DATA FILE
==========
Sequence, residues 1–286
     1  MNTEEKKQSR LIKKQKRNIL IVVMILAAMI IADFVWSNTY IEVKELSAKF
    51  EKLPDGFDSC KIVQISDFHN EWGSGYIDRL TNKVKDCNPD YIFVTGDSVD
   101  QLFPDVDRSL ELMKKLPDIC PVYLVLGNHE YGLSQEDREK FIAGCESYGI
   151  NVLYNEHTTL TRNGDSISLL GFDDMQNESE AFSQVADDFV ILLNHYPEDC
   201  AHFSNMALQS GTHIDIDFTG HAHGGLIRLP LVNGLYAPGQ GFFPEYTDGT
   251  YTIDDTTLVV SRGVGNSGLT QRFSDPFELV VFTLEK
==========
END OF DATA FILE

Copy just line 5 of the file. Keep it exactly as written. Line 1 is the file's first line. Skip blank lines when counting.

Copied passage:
   151  NVLYNEHTTL TRNGDSISLL GFDDMQNESE AFSQVADDFV ILLNHYPEDC